Navigating the landmines in New York construction insurance

Posted by John Cofini on Tue, Aug 20, 2013 @ 12:40 PM

With costs continuing to rise in every aspect of the construction industry, contractors are scrambling for ways to cut those costs. And since insurance is one of their biggest expenditures, many are adjusting their coverage in an effort to reduce their premiums.

But too many are exposing themselves to a minefield of liabilities.

Unfortunately, many contractors aren’t aware of some exclusions in their CGL policy. And with the constantly evolving nuances and complexities of these policies, it’s no wonder. But it’s critical that contractors – especially general contractors (GC), construction managers (CM) and owners – know what their policies do and do not cover.

CGL policies often include a number of tedious endorsements – and it doesn’t help that different insurance carriers use different labels for many of these forms. Here are a few of the more common ones to watch out for: 

  • Contractual Limitation: The standard CGL form provides pretty broad contractual coverage. But insurance carriers – especially in the E&S markets – will often attach ISO form CG2139 (10/93), Contractual Liability Limitation, which effectively removes most contractual coverage. This is another gap in coverage you should always try to have removed. 
  • Classification Limitation: Insurance carriers use this type of endorsement to restrict coverage to the specific operations and exposures they have classified and rated for on the policy. But commercial lines classifications were never intended to include every aspect of a contractor’s operations, so they leave a lot of “wiggle room” for coverage disputes when a contractor is involved in ancillary activities not clearly delineated by the classification. You should try to have these limitations removed, or at least have the insurance carrier use a manuscript form that clearly states which activities are covered. 
  • Injury to Employee: Often referred to as “Labor Law” exclusions, these are intended to preclude coverage for claims by injured employees typically made against the general contractor and/or job owner, alleging violations of “safe place to work” requirements. Here in New York, with “action over” claims being so common, it’s not unusual for insurance carriers to attach forms that eliminate this exception to the employee exclusion. That causes a major gap in coverage, and you should always try to have this type of limitation removed.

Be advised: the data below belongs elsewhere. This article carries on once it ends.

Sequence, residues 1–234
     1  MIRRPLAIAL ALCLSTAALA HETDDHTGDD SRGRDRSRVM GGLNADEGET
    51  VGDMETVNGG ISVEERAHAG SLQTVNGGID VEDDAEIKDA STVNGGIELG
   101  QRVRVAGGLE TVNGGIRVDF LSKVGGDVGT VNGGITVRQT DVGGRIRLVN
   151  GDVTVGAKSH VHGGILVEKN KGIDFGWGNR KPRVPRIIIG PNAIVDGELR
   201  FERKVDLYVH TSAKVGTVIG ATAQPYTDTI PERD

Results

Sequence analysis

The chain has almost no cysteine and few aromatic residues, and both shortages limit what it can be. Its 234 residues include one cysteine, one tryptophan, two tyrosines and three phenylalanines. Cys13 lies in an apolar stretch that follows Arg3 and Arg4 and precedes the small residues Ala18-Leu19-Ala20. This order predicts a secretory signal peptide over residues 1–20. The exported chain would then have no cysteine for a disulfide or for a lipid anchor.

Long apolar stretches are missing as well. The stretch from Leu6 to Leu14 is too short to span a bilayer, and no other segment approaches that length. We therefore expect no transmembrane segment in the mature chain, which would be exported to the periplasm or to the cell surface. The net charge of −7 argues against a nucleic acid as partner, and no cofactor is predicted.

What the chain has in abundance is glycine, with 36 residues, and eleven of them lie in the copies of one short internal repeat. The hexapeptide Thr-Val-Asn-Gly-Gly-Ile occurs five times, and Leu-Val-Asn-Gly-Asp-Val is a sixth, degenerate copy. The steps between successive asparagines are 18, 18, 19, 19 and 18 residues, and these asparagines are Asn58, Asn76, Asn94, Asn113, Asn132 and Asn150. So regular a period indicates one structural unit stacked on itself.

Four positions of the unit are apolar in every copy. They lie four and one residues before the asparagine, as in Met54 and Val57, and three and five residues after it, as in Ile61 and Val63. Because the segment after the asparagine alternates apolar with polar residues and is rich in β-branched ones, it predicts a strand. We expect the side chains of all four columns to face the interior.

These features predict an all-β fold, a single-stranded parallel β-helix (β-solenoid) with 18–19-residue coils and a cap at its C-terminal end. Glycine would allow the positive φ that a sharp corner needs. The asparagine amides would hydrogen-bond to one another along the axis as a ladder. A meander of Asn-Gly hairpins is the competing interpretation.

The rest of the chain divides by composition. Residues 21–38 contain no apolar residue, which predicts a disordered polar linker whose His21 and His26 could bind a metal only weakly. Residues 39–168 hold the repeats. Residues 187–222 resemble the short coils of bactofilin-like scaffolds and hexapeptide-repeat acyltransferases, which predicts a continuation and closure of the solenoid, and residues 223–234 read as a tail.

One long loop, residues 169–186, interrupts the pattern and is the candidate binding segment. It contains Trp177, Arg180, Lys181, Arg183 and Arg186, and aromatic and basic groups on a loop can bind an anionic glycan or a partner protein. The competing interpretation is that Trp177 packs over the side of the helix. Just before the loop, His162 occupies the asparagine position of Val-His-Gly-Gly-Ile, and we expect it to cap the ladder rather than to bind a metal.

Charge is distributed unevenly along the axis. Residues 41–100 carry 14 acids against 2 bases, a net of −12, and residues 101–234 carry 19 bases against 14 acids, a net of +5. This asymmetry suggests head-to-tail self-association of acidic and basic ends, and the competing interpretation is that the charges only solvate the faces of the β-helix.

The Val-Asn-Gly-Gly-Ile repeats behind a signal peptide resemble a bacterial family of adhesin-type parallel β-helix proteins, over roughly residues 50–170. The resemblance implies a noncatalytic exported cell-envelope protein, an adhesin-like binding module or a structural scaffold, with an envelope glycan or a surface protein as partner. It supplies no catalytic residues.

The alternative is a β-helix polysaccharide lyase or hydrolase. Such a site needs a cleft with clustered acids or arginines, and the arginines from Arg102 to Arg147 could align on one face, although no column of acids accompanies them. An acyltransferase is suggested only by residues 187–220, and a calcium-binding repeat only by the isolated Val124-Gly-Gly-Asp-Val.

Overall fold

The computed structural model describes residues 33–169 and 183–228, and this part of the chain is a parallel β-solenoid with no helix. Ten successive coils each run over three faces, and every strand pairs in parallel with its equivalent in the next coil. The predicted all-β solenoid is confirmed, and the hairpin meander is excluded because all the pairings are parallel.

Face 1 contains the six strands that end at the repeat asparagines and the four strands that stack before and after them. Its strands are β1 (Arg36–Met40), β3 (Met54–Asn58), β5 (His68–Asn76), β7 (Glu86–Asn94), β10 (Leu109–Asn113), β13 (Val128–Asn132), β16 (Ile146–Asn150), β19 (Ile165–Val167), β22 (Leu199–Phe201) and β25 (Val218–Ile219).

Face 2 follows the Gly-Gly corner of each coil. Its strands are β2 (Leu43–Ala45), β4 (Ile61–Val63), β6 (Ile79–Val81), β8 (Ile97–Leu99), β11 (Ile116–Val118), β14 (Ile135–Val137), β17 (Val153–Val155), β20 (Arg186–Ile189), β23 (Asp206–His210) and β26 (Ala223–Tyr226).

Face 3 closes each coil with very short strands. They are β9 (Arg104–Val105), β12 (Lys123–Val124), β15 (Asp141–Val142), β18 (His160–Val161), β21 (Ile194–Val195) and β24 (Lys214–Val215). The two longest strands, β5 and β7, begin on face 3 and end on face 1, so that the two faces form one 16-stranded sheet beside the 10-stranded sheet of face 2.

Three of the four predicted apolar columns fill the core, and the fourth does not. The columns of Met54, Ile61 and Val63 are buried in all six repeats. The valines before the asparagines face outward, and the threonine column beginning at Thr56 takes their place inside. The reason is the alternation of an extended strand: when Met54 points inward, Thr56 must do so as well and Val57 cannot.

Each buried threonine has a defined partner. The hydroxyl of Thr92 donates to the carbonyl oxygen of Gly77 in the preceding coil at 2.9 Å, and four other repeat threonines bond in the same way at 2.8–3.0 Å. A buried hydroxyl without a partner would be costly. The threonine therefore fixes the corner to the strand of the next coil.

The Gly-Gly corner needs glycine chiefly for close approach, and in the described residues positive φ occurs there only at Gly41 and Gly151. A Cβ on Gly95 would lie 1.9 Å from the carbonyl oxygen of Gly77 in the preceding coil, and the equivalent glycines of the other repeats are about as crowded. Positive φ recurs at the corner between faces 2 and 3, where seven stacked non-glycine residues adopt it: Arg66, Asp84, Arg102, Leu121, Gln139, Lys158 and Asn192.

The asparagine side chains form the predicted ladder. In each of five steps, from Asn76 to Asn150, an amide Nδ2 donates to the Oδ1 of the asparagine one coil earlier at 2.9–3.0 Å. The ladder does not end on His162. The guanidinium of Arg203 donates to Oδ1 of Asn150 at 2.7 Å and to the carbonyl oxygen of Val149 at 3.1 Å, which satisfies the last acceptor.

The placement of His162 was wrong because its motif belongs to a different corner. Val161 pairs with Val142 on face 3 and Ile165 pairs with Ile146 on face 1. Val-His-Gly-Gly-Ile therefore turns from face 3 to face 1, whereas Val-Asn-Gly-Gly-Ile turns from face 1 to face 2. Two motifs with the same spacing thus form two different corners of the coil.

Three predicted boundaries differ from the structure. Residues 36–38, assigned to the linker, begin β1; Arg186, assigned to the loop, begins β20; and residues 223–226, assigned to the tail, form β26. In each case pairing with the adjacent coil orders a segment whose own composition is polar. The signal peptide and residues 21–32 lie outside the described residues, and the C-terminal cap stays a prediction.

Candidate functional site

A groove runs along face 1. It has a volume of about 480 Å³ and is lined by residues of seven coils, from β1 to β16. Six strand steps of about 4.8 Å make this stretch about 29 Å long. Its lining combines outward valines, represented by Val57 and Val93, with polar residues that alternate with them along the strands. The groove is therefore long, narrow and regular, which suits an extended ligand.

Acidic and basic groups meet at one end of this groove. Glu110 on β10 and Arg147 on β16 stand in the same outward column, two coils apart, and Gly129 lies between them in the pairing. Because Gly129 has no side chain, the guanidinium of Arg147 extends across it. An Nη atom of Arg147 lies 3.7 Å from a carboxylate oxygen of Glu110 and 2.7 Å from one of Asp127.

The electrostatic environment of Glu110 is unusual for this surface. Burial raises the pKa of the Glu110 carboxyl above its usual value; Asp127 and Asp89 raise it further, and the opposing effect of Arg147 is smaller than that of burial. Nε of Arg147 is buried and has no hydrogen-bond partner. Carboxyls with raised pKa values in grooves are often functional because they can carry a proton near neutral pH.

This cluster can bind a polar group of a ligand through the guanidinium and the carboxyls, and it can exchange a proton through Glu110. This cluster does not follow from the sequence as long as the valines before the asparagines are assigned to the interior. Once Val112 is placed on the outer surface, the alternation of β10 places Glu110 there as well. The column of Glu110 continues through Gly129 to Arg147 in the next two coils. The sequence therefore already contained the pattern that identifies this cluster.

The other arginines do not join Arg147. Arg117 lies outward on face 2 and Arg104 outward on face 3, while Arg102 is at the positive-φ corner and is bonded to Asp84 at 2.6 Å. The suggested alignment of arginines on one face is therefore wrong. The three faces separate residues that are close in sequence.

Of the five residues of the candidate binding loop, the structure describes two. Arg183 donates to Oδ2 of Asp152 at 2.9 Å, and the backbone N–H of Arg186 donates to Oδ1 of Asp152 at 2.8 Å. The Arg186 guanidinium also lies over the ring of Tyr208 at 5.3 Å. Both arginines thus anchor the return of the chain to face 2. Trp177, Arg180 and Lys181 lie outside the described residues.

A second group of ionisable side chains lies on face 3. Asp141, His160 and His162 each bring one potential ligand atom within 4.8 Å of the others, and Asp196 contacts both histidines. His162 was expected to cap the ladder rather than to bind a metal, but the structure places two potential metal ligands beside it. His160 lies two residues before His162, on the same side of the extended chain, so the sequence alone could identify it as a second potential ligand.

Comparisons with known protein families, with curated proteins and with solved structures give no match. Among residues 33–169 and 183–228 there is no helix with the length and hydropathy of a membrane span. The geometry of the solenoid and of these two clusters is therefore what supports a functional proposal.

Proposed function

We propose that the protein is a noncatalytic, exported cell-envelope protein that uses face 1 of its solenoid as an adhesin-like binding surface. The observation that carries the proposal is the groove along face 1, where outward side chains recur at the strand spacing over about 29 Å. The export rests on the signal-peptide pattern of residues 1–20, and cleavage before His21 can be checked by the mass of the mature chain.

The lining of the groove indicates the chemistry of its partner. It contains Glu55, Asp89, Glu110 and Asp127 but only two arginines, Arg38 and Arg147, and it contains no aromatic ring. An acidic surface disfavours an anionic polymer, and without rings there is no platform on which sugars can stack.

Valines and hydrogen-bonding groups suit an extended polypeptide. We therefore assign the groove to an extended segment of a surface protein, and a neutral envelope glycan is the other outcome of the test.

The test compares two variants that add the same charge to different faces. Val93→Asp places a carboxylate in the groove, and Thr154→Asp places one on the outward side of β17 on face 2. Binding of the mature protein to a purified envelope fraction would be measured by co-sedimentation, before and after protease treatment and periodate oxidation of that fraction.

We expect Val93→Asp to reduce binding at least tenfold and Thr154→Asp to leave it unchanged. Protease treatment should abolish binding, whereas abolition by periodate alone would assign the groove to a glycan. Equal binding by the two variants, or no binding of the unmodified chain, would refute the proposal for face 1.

• Independent Contractors Limitation / Subcontractor Warranty: These endorsements establish minimum insurance requirements for subcontractors. Failing to comply can result in the nullification of coverage, so you should work closely with your underwriter or broker to have these removed – or at the very least, use the least restrictive version. 
  • Total Pollution Exclusion: Some carriers include a “Total Pollution Exclusion” in their policies. This is more restrictive than the standard ISO GL pollution exclusion, and it eliminates the exceptions to the standard exclusion. You should try to have this exclusion removed, and consider buying a separate Contractors Pollution policy. 
  • Damage to Work Performed by Subcontractors on Your Behalf: If you use subcontractors, you need to beware of ISO form CG2294 (10/01). This endorsement – or an insurance carrier’s equivalent – eliminates the exception to the exclusion for damage to “your work” in your CGL policy for work performed by your subcontractors on your behalf. This causes another dangerous gap in coverage, and you should negotiate to have it removed.

A properly written contract and a thorough understanding of your contractor’s GL policy are your best protections against these landmines.

With more than 150 years of experience in the New York construction industry, BNC Insurance and Risk Advisors can craft a policy that fits your business and provides the most reliable roadmap for navigating the New York construction insurance minefield.

To learn more about how Milbrandt helps New York contractors, download our case study report "How Six Contractors Discovered Risk Management Success with BNC Insurance and Risk Advisors" and discover how managing the cost of risk is much easier with an expert construction insurance partner.

Tags: New York construction insurance, New York insurance, Milbrandt Insurance, new york contractor insurance, new york construction, new york construction industry